Floyd Landis sped down a sun-baked Boulevard Champs-Elysees to victory Sunday in the Tour de France, extending to eight years the U.S. domination of the venerable race after seven consecutive triumphs by Lance Armstrong.
Landis, a whip-thin 30-year-old with protruding ears beneath his cap, beamed and waved from the winner's podium. He was joined by Oscar Pereiro of Spain, the second-place finisher, and German Andreas Kloden, who came in third.
Earlier Sunday, during the final 96-mile ride from Sceaux-Antony to the Arche de Triomphe in the heart of the capital, Landis permitted himself a sip of champagne passed to him from the car operated by his Phonak team.
The final stage was a formality because Landis had all but locked up the Tour victory during the last race, a time trial Saturday. He capped a comeback that featured a remarkable surge from 11th to third place in a hill climb Thursday.
"I heard a lot about my comeback being exceptional, but I'll let others judge," Landis said Sunday evening. "I dreamed a lot about winning this race, and I was lucky enough to participate several times with Lance, which gave me valuable experience. Above all, I learned to fight for my goal in the Tour. Never give up."
Norweigian Thor Hushovd led the final sprint across the finish line in Paris.
Landis became the third American to win the 93-year-old race, joining Armstrong, with whom he supported as a teammate for two Tour victories, and Greg Lemond. Landis' achievement was all the more impressive because he overcame an arthritic hip that will soon require surgery.
This year opened a new era with the absence of Armstrong. The indomitable Texan developed a kind of aura during his seven years at the top. His talents and his inspiring victory against cancer made him, and the Tour, known to an audience beyond cycling fans.
In France, his scrappiness and star power provoked a mix of admiration and resentment. He had to deal with grumbling in official sports circles, sniping in the media and recurring allegations of doping that were never proved to be true. Nonetheless, Armstrong said in a recent U.S. television appearance that the French people generally treated him well.
Despite their hopes for a strong showing by a countryman this year, the French once again found themselves Sunday listening to "The Star Spangled Banner" on the Champs Elysees. It was another blow for French sports after the national soccer team self-destructed during the final of the World Cup earlier this month and lost to Italy.
"I would like it better if a Frenchman had won," said Nadine Doyen, 53, who watched from the archways of the covered sidewalk on the Rue de Rivoli, a refuge on another steamy July day. "But let the best win. Champions have been loved in France who were not French. Deserving victory is what matters."
Doyen admitted that her 18-year-old son idolizes Armstrong. Overall, though, the French media and public seemed content that a different American had won. They seemed intrigued by Landis' roots in a Mennonite community in Pennsylvania, and tended to portray him - accurately or not - as a humble, self-effacing antithesis of a supposedly brash Armstrong.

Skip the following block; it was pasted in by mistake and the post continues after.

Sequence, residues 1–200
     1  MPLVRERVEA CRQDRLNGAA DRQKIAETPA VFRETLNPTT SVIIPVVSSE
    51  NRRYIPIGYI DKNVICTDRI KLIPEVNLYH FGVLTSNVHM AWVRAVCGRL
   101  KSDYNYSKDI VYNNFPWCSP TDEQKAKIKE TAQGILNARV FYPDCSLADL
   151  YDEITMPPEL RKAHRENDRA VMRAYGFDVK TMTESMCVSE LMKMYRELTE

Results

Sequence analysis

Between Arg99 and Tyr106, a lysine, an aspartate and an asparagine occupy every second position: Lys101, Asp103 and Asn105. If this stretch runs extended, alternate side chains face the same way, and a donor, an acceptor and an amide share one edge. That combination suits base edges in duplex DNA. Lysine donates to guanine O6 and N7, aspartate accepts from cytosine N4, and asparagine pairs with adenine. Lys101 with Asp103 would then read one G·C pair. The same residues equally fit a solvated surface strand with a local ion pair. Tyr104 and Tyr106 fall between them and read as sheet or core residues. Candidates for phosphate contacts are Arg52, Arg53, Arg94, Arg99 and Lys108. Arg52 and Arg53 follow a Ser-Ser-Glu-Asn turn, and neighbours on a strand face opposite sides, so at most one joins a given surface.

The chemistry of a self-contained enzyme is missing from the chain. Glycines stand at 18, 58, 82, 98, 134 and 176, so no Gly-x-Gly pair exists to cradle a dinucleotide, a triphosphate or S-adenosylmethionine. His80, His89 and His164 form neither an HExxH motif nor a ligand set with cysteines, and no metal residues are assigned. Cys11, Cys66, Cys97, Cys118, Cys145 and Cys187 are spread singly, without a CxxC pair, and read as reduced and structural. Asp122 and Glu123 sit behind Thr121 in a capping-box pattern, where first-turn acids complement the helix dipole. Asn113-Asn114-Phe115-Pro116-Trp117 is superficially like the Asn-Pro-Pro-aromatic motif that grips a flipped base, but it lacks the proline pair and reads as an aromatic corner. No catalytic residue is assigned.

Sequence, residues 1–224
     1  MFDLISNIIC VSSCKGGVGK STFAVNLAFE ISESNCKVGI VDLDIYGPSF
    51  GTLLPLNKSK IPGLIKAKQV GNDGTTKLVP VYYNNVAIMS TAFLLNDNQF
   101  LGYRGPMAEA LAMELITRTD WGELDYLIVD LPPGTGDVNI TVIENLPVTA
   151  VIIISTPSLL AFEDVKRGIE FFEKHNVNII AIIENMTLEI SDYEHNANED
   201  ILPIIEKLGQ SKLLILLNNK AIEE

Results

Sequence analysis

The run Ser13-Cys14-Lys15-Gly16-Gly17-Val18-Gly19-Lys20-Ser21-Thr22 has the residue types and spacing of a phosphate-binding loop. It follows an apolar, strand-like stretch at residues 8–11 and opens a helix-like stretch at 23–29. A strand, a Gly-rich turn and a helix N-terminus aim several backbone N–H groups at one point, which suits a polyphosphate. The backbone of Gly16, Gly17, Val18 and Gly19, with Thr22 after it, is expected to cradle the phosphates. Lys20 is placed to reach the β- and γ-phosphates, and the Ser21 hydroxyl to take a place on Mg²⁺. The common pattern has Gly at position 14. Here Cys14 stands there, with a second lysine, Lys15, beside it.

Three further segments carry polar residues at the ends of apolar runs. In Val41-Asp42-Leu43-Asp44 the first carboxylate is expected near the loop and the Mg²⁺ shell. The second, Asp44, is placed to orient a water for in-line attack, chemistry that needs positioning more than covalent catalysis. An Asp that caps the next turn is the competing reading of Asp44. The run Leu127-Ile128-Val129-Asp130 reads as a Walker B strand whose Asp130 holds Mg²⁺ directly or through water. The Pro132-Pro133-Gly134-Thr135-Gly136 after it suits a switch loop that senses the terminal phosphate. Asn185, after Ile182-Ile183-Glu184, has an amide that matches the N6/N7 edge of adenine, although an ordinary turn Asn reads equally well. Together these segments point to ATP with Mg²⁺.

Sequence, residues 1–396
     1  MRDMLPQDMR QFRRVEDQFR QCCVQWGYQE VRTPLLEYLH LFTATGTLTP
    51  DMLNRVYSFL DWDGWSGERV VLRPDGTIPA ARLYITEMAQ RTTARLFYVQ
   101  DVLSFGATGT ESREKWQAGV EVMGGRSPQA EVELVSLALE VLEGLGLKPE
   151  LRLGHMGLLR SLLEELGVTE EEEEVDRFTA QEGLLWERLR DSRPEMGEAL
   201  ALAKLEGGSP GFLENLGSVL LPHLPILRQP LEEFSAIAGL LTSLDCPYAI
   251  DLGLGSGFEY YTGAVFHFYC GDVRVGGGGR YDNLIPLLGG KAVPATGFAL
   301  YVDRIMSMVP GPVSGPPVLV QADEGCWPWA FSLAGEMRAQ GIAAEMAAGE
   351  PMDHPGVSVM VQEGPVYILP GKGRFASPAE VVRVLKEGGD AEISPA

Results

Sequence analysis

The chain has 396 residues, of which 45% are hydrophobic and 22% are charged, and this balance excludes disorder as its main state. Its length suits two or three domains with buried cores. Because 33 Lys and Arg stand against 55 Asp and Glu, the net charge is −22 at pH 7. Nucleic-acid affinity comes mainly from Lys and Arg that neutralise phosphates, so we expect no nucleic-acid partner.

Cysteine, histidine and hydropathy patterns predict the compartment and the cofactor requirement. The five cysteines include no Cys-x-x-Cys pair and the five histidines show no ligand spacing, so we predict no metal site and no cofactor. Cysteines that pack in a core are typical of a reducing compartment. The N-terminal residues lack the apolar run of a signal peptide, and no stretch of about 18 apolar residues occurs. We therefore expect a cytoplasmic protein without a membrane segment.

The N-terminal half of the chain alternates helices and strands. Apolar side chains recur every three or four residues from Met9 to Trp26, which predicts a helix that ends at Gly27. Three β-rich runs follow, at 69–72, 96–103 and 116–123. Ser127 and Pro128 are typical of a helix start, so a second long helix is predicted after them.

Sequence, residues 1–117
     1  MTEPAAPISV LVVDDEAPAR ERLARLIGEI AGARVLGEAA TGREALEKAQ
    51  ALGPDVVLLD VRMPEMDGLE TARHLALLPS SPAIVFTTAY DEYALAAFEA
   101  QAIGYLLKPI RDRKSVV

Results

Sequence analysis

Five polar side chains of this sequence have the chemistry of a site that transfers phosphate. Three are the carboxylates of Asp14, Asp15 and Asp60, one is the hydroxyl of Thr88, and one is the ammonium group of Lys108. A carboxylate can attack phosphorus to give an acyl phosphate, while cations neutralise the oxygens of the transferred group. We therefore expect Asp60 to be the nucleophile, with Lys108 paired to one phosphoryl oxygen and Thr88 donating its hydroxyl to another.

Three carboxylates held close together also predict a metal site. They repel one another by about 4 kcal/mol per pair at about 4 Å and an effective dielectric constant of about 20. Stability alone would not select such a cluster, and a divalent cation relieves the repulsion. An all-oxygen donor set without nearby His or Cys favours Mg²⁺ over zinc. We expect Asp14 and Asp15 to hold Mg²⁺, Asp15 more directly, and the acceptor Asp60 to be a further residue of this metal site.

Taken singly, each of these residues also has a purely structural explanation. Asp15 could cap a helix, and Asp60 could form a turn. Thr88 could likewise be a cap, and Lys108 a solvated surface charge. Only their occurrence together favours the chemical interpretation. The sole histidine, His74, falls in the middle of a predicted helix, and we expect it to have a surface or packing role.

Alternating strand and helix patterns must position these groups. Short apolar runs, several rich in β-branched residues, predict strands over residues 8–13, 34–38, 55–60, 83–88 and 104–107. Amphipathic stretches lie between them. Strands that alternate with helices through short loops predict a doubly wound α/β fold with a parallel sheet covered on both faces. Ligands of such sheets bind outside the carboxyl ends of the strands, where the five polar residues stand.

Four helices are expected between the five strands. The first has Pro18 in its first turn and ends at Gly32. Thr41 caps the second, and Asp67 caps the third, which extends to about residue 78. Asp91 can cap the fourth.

"Floyd seems less full of pride and more outgoing than Lance," said Tony Largeau, another French spectator.
Landis' struggles with his hip acquired him an affectionate rhyming nickname from French journalists: "L'Americain a la hanche qui flanche." (The American with the failing hip.)
The post-race analysis Sunday centered on Landis chances' for establishing a dynasty a la Armstrong in the coming years. Eddy Merckx, a former Tour champion from Belgium, predicted that Landis would come roaring back next year after his operation to have his hip replaced.
"He'll win other Tours," Merckx told Agence France Presse. "He'll be even stronger next year."
Although Jean-Marie Leblanc, the Tour's director, said Landis had displayed greatness during his prodigious solo ride Thursday in the Alps, he warned that Landis' age, 30, along with the hip troubles, could be obstacles.
"It's not certain he'll win three Tours de France," Leblanc said.
Armstrong, who was in Paris for the finale, praised his former teammate's determination.
"I'm proud and happy for Floyd," Armstrong told reporters. "He proved he was the strongest, everybody wrote him off."
The first Tour of the post-Armstrong era did not begin smoothly. Just before the race began July 1, nine riders were kicked out after being implicated in a doping investigation by authorities in Spain. The scandal claimed 1997 champion Jan Ullrich of Germany and Spain's Ivan Basso, who were considered favorites along with Landis.
But the ending provided drama and inspiration. An American family visiting France from New Jersey cheered Sunday on the Rue de Rivoli. Ray Gill, wrapped in an American flag, and his wife Susan and daughter Emma, said they had supported Landis since the first day, convinced that his time had come.
"He was Lance Armstrong's wing man for so many years," Gill said. "Now this is his chance."